In this paper, we propose an implementation of a DNA sequence reconstruction technique (called de novo assembly) on a quantum computing platform. De novo assembly using the overlap-layout-consensus method has many advantages over other simpler methods, but suffers from large computational complexity, which motivates targeting a quantum accelerator. We target both a gate-based quantum system as well as a quantum annealer. Each step of the formulation is explained with simple examples [7] to target both the genomics research community and quantum application developers. The implementation is evaluated on the D-Wave simulator, the D-Wave annealer in the cloud and the QX Simulator. The current limitations in solving real problem sizes to achieve a quantum advantage are discussed. It is the first time this important computational problem of de novo assembly in bioinformatics is targeted on a quantum accelerator with the full description of the pipeline.

Recently [8], also discussed de novo sequencing on quantum annealing and quantum-inspired annealing, citing a preprint of our research as presented in this paper. We appreciate this research done independently to ours echoing a similar motivation to explore the applicability of quantum computing to DNA sequence reconstruction and reaching similar results. In contrast to their work, we additionally target the gate based quantum computing model, which is considered to be the future standard of quantum acceleration. Furthermore, this paper is presented from the perspective of a quantum application developer, with details from genomics, quantum and computer science formulated in a self-contained matter. In addition, an example is implemented via the various steps of the algorithm and the execution results are demonstrated as a proof-of-concept to evaluate the quality, scalability and limitations.

This paper is organized as follows. In the section “DNA sequence reconstruction”, we introduce the specific problem of sequence reconstruction via de novo assembly using the overlap-layout-consensus approach. This is the target algorithm for which the quantum kernel is formulated. The section “Quantum accelerated optimization” first introduces the required technical background for the tools for formulating the de novo assembly problem, i.e. quantum accelerator, QUBO, TSP, Hamiltonians and the gate-based QAOA variational hybrid approach. In the section “Implementing de novo assembly”, the de novo assembly problem is mapped to a TSP and then the TSP is mapped to a QUBO. A small proof-of-concept example is detailed at each step. The section “Solving on a quantum system” systematically solves the QUBO formulation first on the D-Wave simulator and annealer system, and thereafter a QAOA on OpenQL is attempted. Then we discuss the limitations for scaling the formulation on real datasets using classical simulation and available quantum hardware systems. The “Conclusion” section concludes the paper.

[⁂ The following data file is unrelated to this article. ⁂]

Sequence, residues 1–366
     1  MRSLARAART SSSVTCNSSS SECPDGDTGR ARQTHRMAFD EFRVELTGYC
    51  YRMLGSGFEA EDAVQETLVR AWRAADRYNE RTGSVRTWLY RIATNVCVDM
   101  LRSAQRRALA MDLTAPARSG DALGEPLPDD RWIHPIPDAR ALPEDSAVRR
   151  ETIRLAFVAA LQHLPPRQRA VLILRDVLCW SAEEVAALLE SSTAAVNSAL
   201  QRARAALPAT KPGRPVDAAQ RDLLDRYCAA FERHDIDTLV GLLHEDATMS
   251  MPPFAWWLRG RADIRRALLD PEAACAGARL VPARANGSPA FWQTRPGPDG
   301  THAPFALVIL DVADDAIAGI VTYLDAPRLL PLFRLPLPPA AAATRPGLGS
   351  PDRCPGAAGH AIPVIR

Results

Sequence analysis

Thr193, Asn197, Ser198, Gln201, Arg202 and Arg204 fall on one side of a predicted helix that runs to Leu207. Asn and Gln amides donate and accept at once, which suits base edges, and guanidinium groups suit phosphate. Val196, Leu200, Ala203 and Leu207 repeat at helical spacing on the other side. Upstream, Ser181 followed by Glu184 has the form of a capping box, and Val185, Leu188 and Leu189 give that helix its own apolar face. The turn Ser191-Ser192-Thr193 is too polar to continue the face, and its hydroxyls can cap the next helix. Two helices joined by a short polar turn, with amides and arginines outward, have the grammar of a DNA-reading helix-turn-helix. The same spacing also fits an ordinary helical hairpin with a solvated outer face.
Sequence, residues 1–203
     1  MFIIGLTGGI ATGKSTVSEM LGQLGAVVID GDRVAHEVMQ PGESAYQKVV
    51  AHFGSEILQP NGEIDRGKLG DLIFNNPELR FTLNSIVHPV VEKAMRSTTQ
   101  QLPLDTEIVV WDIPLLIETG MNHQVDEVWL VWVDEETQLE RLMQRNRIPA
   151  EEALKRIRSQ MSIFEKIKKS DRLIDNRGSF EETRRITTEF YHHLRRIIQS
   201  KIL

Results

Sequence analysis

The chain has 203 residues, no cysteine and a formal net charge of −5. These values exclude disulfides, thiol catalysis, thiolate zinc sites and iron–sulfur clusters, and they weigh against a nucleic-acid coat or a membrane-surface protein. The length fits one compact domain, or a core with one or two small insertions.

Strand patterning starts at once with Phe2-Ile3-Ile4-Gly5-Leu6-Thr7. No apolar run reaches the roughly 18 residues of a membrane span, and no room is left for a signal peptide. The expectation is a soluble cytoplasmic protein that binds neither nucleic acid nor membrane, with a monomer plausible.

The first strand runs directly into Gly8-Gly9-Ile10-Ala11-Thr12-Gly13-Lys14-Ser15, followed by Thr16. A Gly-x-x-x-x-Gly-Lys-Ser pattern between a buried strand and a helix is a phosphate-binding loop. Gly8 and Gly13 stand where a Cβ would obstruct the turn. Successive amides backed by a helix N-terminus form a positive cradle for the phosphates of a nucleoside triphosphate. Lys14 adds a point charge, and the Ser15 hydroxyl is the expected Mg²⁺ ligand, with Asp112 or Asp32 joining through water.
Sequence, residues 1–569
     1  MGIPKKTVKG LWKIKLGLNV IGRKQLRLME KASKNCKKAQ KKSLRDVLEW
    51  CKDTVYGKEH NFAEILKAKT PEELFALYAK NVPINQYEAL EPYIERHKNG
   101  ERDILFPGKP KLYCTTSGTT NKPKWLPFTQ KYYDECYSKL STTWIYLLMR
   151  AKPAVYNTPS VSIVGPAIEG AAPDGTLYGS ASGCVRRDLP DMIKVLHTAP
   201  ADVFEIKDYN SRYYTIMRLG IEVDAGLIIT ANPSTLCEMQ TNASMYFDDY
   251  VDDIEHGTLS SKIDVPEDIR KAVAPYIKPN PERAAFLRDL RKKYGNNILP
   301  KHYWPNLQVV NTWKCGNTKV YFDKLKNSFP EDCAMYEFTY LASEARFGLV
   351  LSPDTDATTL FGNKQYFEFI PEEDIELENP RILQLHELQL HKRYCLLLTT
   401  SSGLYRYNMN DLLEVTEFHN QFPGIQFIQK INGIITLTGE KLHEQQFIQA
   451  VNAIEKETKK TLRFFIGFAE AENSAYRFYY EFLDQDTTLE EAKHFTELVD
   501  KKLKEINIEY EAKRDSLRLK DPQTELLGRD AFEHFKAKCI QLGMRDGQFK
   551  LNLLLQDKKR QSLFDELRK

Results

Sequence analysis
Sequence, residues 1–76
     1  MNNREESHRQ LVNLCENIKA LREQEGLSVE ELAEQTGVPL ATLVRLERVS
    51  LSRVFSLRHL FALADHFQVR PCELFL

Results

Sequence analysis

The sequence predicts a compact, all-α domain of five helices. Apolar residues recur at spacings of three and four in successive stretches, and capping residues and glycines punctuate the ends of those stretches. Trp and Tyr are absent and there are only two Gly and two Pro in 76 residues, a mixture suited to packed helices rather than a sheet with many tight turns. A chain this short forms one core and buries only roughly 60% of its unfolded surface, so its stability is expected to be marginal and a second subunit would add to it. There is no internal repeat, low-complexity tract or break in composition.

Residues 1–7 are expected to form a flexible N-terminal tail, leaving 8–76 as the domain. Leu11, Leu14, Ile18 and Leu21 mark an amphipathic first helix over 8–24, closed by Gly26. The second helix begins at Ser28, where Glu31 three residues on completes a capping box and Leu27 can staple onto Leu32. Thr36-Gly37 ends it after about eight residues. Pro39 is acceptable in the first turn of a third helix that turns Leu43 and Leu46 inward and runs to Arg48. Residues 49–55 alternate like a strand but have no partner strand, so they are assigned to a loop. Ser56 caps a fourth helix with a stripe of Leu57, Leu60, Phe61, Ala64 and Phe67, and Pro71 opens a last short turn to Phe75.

DNA sequence reconstruction

In order to sequence the DNA of an organism, DNA is broken down into fragments since DNA sequencing machines are not capable of reading the entire genome at once. Then these fragments are sequenced using modern sequencing technologies (such as Illumina), which produces reads of approximately 50-150 base pairs at a time, with some known error rate. To reconstruct the DNA from these fragments for further analysis, two different techniques are used (a) ab initio reference-based alignment of reads and (b) de novo reference-free assembly of reads. In our past research [9], we had implemented a quantum variants of reference-based alignment, while in this article, we focus on de novo assembly. Since the principles of quantum computation are fundamentally different, we will investigate the most basic algorithmic primitive for which the quantum kernel can be constructed. Thus, before presenting the corresponding quantum algorithm, the existing classical algorithms are reviewed here.

De novo reference-free assembly

During sequencing, multiple copies of the DNA are made before fragmenting it. Thus, a portion of the data is preserved in multiple copies which are chopped off at different places resulting in data overlaps which facilitate stitching. This method is called de novo assembly, as no other data than the sequenced read is used for reconstruction. It is computationally expensive and done normally for the first time a new species is sequenced.

There are different methods [10] for de novo assembly used by the available tools: Overlap-Layout-Consensus (OLC) methods, de Bruijn graph (DBG) methods, string graphs, greedy and hybrid algorithm, etc. Real-world WGS data induces various problems in all these methods. Examples are spurs (short, dead-end divergences from the main path), bubbles (paths that diverge then converge), frayed rope pattern (paths that converge then diverge) and cycles (paths that converge on themselves) [11]. Common causes of these complexities are attributed to repeats in the target and sequencing error in the reads. Most optimal graph reductions belong to the NP-hard class of problems, thus assemblers (like Euler, Velvet, ABySS, AllPaths, SOAPdenovo) rely on heuristics to remove redundancy, repair errors or otherwise simplify the graph. The choice of algorithms is based on the quality, quantity and structure of the genome data. Current short-read sequencing technologies produce very large numbers of reads favoring DBG methods. However, single molecule sequencing from third generation sequencing machines produces high-quality long reads, which could favor OLC methods.